The researchers used diffusion tensor imaging (DTI) to examine the length and strength of connections in their young participants’ brains, and found that those at high risk of developing autism had significantly reduced neural network efficiency, compared with the low risk infants.

These differences were widespread throughout the brain, at both the local and global levels, and included regions of the temporal, parietal, and occipital lobes, which are known to be involved in language, sensory processing, and social stimuli. Importantly, the extent of the differences seemed to be closely related to the severity of autism symptoms: Children with the least efficient networks exhibiting more severe symptoms later on.

To determine when these structural abnormalities first appear, Lewis and his colleagues performed a slightly larger follow-up study, examining brain imaging data from 260 infants, some of whom were at high risk of developing autism. This time, the researchers looked at brain scans obtained at 6 months and 12 months old; they also had data from both time points for 116 of the study participants, enabling them to track the emergence of network inefficiency during the first year of life.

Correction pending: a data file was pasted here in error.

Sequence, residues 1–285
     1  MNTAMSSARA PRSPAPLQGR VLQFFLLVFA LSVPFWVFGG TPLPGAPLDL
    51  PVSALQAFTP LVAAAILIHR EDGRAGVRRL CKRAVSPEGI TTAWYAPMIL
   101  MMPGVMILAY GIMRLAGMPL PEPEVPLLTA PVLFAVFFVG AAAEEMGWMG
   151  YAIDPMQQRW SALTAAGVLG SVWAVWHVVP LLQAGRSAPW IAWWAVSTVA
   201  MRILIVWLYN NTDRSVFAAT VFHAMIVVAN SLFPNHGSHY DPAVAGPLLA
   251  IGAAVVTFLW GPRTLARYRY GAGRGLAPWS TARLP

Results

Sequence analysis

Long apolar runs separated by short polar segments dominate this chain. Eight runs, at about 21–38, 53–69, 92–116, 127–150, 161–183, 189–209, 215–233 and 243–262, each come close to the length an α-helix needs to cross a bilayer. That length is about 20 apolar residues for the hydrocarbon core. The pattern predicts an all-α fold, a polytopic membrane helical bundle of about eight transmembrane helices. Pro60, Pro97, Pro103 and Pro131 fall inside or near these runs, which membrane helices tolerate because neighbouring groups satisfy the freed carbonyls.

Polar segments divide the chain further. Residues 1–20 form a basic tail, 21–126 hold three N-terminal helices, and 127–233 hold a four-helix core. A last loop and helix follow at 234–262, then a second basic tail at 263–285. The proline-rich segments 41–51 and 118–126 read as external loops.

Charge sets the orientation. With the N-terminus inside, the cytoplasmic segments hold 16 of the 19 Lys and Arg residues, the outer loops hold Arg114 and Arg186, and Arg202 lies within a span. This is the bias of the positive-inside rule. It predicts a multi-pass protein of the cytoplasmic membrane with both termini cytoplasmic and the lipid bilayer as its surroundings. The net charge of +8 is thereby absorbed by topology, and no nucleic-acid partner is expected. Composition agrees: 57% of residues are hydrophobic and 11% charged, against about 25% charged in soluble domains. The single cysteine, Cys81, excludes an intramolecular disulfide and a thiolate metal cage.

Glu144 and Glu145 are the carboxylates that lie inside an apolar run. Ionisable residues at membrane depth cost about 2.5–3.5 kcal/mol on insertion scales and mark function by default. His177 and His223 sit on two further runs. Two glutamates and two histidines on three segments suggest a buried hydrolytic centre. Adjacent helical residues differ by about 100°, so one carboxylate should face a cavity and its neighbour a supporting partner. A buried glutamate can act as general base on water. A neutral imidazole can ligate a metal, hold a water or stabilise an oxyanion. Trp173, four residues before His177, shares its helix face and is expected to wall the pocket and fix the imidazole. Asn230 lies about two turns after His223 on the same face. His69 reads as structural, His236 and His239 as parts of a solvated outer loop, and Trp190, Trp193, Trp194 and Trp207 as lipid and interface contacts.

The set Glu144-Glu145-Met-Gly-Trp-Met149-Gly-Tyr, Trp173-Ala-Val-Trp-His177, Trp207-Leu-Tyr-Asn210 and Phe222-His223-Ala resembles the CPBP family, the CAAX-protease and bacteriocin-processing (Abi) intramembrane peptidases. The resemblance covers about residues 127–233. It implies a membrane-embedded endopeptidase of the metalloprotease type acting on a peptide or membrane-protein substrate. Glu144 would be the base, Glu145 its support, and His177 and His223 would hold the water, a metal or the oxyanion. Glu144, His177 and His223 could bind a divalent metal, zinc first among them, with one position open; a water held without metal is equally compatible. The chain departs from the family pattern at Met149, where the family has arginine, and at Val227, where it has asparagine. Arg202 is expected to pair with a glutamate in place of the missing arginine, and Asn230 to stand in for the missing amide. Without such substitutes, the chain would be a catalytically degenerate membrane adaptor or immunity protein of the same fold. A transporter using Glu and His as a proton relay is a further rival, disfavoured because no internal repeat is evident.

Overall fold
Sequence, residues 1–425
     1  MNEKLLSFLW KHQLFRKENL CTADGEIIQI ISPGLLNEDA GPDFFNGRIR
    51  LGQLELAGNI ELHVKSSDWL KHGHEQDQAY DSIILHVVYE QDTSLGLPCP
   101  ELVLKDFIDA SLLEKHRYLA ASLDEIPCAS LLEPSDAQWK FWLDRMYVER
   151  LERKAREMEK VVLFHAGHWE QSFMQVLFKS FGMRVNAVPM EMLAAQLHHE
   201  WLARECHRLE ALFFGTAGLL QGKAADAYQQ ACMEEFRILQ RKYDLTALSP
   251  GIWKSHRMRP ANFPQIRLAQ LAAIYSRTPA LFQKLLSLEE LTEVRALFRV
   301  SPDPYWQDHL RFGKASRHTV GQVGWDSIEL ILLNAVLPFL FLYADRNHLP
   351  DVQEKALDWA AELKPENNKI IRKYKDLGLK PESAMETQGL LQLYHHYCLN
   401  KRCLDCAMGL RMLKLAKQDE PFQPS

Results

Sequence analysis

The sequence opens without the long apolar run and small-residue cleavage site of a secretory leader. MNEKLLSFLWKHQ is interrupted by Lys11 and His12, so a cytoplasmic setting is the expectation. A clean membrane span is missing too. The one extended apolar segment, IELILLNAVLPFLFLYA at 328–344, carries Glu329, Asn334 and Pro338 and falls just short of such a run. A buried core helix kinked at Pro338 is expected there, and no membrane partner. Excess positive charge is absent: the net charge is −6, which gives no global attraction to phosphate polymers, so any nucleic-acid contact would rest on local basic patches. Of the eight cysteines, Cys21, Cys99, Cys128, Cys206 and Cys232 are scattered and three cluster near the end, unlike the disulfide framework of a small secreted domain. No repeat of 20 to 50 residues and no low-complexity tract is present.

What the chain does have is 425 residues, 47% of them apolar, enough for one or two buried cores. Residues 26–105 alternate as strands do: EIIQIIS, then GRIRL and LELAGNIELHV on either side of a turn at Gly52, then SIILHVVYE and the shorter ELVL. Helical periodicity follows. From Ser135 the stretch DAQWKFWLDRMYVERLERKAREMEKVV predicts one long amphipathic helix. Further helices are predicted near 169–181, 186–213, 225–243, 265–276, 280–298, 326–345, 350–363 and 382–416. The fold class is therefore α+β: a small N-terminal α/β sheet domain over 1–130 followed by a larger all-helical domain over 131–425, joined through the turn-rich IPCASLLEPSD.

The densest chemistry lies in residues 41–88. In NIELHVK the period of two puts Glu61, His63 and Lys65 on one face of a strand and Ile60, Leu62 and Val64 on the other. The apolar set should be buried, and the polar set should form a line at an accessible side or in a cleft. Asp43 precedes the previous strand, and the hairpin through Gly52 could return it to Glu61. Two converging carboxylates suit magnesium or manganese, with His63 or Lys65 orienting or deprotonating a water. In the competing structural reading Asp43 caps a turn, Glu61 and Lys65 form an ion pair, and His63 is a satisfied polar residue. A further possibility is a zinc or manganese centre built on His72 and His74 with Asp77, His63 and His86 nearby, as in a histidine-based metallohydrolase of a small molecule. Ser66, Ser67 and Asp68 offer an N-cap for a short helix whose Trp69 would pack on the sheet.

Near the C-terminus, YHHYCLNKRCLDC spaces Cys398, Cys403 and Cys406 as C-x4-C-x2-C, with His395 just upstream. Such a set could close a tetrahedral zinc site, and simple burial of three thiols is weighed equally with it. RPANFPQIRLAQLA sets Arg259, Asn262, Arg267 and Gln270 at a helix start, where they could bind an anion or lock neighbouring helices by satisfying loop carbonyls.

The results, published in August 2017, revealed that the network inefficiencies could be detected from as early as six months of age in the at-risk infants. The researchers also found that the extent of the inefficiencies, as determined by the scans at six months of age, predicted the severity of autism symptoms at 24 months of age.

From scanner to pediatrician?

“The fact that these relationships are seen so early suggests that early diagnosis may be possible,” says Lewis, “but the more important aspect of the findings is that the inefficiencies are seen in early sensory processing areas, and not in areas generally associated with higher level processes.”